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Programming Music: The Applications of Algorithmic Composition [pdf] (mit.edu)
81 points by lainon on Dec 15, 2016 | hide | past | web | favorite | 18 comments



I hesitate to be contrarian because I don't want to discourage what I perceive to be an innocent enough exploratory effort by curious and creative students... but as a long time drummer and computer scientist, this document was underwhelming and surprisingly unscientific (I guess my expectations were set high once I saw the mit.edu domain).

A related idea that may be interesting to explore are approaches to identify and classify hip-hop beat cliches across different genres and time periods (and accordingly to generate new beats that approximate the respective genres or time periods' aesthetics).


If you are interested in this, I would recommend looking up the Extempore programming language/environment and some of Andrew Sorensen's live coding performances. Even if live coding is not your thing, it's definitely interesting.


Thank you for your recommendation. I haven't heard of Extempore and I currently feel like a kid at Toys R Us.


Also check out supercollider and csound.


We've had a bunch of really good threads, when i have time i'll stick them in pinboard.in:

Faust: https://news.ycombinator.com/item?id=13012880

audioKit: https://news.ycombinator.com/item?id=9903760

pure data: very difficult to search for

common lisp et al: https://news.ycombinator.com/item?id=12518768


Bjork (I think) said that electronic music has no soul cause no one bothered to put one in it. As a long time listener of mainly electronic music, I agree. Among the various genres and artists of electro music there is a ratio of computer/human input to each piece. I find the pieces were the human input is minimal, boring and dry. In a way the human in these sorts of music is the necessary ghost in the machine that makes the piece worth its salt.

I would be very impressed if a fully computer synthesized piece would actually strike a cord in humans. I'm not talking about brutal bam-bam-bam techno pieces that evoke no emotions whatsoever.


Electronic music lowers the barrier of entry, so you get LOTS of crap, whether it's just uninspired but well intentioned, or freakishly aggressive 1000bpm avante garde nonsense.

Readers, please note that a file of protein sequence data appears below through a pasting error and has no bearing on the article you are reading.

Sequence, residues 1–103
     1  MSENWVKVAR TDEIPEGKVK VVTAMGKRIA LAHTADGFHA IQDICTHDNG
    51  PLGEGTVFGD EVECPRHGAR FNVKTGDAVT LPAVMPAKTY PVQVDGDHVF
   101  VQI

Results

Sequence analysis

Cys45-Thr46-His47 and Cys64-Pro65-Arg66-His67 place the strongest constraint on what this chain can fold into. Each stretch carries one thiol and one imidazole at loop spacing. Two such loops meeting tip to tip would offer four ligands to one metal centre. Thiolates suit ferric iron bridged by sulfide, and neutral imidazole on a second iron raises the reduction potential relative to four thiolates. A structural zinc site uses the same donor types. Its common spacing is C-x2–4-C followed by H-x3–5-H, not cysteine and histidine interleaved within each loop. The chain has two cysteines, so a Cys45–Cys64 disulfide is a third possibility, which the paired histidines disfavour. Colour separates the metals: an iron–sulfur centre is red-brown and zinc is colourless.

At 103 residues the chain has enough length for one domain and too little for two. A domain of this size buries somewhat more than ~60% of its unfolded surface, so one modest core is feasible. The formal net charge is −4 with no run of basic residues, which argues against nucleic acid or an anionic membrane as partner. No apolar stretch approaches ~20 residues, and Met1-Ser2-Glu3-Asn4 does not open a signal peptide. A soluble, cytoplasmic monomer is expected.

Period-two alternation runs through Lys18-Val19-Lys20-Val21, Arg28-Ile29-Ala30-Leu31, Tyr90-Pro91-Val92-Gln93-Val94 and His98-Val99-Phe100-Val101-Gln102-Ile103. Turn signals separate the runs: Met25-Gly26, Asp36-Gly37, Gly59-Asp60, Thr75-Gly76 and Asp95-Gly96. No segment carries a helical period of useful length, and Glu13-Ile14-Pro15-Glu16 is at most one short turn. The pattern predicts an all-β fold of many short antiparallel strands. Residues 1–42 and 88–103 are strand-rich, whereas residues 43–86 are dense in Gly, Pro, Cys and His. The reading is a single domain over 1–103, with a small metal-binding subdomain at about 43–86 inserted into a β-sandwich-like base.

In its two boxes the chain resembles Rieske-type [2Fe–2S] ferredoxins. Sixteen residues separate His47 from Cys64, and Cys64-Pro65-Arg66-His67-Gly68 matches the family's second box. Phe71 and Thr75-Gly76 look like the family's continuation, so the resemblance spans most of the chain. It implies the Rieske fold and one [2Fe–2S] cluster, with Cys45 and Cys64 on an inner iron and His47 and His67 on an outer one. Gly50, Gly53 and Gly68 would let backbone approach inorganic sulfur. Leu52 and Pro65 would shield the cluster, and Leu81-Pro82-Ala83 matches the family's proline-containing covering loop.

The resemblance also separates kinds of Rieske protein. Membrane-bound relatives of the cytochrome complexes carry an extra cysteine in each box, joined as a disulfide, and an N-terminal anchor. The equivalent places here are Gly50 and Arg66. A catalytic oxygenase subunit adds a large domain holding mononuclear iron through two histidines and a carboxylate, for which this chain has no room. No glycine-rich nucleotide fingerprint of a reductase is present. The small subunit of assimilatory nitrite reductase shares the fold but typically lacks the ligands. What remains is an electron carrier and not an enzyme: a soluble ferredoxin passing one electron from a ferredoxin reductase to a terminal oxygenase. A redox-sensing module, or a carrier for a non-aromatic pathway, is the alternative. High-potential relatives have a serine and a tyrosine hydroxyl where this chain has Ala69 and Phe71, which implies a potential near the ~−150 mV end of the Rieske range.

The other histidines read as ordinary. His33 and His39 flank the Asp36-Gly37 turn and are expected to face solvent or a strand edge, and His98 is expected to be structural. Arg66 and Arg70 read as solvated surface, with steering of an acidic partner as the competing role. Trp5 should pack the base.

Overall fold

That said, if you're a long time listener and you've never found any producers with soul, look again. Popular example: Daft Punk.


If its written in python all they have to do is `import soul` ;)


Generative hip-hop beats, looks nice. As I see it, the sequencing isn't the hardest part in hip-hop beats, though: a lot of the magic is in the timbre. Sampling, mixing, etc. are often what captivates me the most. Imagine doing that algorithmically - foraging through a collection of samples, processing them, chopping them up and making beats out of it. A similar constraint-based approach might work well, though probably a lot more work.

Anyways, who are the authors? Nowhere to be found! Sure it's a class project but that's no excuse! And they should publish the BeatOven source, would love to play around with it.


There is one absolute classic work in that field that I know of. It's called Designing Sound, by Andy Farnell: https://mitpress.mit.edu/books/designing-sound


There's other classics by Martin Russ, Miller Puckette, Curtis Roads, Allen Strange, Perry Cook.


> And they should publish the BeatOven source, would love to play around with it.

Seconded! Though I could see something like this being quite valuable if integrated into a DAW like Ableton Live. Maybe plugins that do something like this already exist...does anyone know?


FL Studio has some really good randomize options with lots of different settings built into the piano roll.


I think that hip-hop (bar abstract hip hop) is mainly about the lyrics.


I have added a randomize feature to the Acid Machine web app. It works by chopping up the pattern into blocks, then goes through the steps in the block and selects a random note (or silence) from the currently selected scale.

Then it moves to the next block and randomly decides whether to re-use the previous block or create a new one. This stops it from sounding completely random in a bad way.

Selecting the Arabic scale creates some interesting patterns.

http://www.errozero.co.uk/acid-machine


I have noticed gcode for cnc / 3D printing spits out melodies via the stepper motors.

Seems like music might even be a more pragmatic means of communication than numbers.


That's some atrocious type setting.


word




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